Yesterday, President Obama announced, in response to the school shooting at Sandy Hook Elementary, his plans to curb gun violence. In setting forth his agenda, the President is asking Congress to renew a ban on the sale of assault weapons, ensure the performance of background checks on all guns sold and pass new gun-trafficking laws. The President himself is taking steps to improve the background check process, reinstating funding for federal research on gun violence, ensuring more counselors are available at schools and providing greater access to mental health services.
The Senate is planning to begin discussing the President’s agenda starting next week; the House of Representatives is expected to wait and see what the Democrat-Senate passes before they act. Once discussions begin, it is expected that there will much opposition to the ban on the sale of assault weapons, as well as a proposed prohibition on high-capacity magazines. On the other hand, there appears to be much stronger support for universal background checks on gun sales and stricter gun trafficking laws.
There is much support for stricter gun control, and there are many arguments as to why the President’s proposal is overreaching. Whether for or against the President’s recently stated objectives, there are some obvious issues that the government will have to deal with before crafting any further gun control laws.
The first most obvious concern will be whether these laws violate the 2nd Amendment to the United States Constitution. The true import of the 2nd Amendment has been debated whenever gun control laws are proposed. The question becomes, does a citizen’s right to bear arms (and what type of arms?) trump the safety and welfare of other citizens? Will these proposed measures even provide for the greater safety they propose to create? In the Sandyhook Elementary School shooting, the shooter obtained the gun from his mother; increased and improved background checks cannot determine whether a gun obtained by one person, who is able to pass the background check, will be used by another.
A second issue is the failure to create a sufficient database to ensure background checks are thorough. In order to create a federal database of people prohibited from purchasing firearms, states must provide the necessary data. Without complete records, some people who should not be permitted to purchase a gun will slip through the crack. Even though a gun seller does all they are required to do under the law, without proper notification guns may still be sold when they should not be.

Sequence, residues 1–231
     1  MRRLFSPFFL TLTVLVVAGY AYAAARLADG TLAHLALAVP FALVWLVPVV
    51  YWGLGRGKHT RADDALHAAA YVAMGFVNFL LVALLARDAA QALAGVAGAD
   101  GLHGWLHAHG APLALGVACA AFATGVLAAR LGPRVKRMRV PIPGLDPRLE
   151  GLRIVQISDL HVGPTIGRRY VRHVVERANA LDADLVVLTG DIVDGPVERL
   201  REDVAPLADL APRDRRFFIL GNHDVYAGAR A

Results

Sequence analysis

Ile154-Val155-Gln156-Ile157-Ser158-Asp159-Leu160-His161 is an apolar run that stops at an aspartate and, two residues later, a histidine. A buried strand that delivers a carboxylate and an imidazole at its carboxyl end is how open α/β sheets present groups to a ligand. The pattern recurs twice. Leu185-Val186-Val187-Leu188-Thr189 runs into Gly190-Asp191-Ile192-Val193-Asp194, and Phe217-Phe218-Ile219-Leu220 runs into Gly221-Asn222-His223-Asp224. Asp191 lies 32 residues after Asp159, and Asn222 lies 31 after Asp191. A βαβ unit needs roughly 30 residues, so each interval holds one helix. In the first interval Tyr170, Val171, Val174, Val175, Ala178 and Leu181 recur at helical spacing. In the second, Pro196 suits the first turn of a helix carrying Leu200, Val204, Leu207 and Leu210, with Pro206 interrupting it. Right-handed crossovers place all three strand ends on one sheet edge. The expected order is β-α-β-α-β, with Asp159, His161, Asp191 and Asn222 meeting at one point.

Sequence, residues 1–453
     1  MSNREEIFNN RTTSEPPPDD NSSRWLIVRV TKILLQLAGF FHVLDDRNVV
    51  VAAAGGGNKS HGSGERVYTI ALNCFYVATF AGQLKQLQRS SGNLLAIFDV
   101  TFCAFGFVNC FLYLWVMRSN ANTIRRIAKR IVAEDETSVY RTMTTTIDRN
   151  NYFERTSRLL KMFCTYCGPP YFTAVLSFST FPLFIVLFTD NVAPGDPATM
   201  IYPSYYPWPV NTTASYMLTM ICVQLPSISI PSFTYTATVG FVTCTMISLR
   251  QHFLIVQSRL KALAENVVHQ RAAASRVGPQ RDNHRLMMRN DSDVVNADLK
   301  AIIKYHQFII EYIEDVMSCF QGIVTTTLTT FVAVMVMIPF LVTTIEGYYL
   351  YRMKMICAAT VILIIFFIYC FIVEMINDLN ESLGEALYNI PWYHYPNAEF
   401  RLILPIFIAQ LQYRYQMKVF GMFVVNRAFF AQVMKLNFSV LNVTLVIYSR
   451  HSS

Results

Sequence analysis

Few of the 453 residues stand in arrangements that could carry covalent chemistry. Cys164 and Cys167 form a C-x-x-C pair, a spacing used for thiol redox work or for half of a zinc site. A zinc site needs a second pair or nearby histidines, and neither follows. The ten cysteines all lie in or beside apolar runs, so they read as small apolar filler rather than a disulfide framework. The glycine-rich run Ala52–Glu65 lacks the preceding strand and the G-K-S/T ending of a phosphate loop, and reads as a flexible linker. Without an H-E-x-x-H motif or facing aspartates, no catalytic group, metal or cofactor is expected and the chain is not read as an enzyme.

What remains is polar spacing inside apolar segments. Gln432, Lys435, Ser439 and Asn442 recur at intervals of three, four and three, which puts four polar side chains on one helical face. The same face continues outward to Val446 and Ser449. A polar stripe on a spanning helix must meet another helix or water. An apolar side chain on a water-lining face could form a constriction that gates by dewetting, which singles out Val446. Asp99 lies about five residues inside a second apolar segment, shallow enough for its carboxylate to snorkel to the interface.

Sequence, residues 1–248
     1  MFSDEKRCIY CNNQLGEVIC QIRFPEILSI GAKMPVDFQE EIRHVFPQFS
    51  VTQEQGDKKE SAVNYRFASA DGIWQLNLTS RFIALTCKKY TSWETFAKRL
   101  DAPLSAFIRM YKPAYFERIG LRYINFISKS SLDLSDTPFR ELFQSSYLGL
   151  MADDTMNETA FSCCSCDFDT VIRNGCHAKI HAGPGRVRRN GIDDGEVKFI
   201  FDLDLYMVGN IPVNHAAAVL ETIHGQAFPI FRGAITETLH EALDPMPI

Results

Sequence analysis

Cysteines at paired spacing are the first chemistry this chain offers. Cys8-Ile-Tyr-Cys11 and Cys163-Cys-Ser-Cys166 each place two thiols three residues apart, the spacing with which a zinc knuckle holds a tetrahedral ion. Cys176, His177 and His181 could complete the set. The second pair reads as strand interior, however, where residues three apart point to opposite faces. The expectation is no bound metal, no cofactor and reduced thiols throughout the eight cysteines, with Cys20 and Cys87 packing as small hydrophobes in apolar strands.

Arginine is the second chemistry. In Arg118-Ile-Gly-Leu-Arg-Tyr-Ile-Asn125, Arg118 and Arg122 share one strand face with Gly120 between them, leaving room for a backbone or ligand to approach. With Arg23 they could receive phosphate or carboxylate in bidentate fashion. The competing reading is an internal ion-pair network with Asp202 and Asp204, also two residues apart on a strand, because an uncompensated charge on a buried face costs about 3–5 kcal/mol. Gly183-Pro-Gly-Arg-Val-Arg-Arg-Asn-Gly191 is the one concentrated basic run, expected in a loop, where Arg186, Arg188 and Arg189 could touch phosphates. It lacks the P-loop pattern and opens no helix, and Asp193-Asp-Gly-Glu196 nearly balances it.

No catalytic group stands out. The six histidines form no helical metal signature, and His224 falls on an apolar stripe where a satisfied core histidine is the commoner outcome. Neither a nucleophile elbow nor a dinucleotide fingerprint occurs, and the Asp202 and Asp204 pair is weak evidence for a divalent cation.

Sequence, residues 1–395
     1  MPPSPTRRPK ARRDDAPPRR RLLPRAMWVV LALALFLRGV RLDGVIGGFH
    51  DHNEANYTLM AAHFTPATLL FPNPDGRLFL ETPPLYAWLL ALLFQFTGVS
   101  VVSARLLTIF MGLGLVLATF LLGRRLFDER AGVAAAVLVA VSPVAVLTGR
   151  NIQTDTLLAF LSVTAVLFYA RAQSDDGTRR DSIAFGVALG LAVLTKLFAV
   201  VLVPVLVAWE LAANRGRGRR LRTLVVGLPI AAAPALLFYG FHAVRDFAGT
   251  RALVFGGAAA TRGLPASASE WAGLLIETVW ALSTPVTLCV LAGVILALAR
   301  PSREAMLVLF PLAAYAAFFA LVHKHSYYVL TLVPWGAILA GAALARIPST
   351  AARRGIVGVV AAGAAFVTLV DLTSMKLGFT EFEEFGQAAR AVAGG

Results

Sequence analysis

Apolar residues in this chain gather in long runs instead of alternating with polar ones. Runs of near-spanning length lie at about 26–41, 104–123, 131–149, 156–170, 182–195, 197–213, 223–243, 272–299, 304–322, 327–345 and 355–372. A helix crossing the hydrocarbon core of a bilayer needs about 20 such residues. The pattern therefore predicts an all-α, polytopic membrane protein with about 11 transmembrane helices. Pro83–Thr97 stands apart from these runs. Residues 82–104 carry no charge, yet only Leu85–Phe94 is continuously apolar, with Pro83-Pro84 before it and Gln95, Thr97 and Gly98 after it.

Finally, and perhaps most difficult will be to define what constitutes an “assault rifle”. On one side, people advocate that any semi-automatic weapon with detachable magazines and “military” features like pistol grips, flash suppressors and collapsible or folding stocks should be deemed an assault rifle. However, gun advocates state that the term “assault rifle” should be used to describe only fully automatic weapons; they believe that many of the features used to designate “assault rifles”, other than being fully automatic, are merely cosmetic. With such debate over what does and does not constitute an assault rifle, manufacturers may be able to side-step restrictions with minor alterations, much as they did under the 1994 ban.
Whether one sides with the President’s agenda or feels it is overreaching, the above issues will have to be dealt with in order to ensure any legislation that is written fulfills its intended purpose: help to prevent further gun violence while maintaining the rights of United States’ citizens. The legislation will have to be drafted to be very specific, and cooperation by all states will be required. The government cannot prevent all acts of gun violence as no system will be perfect, but the government must also exercise caution in creating a law which has no real effect or overly violates citizens’ rights.
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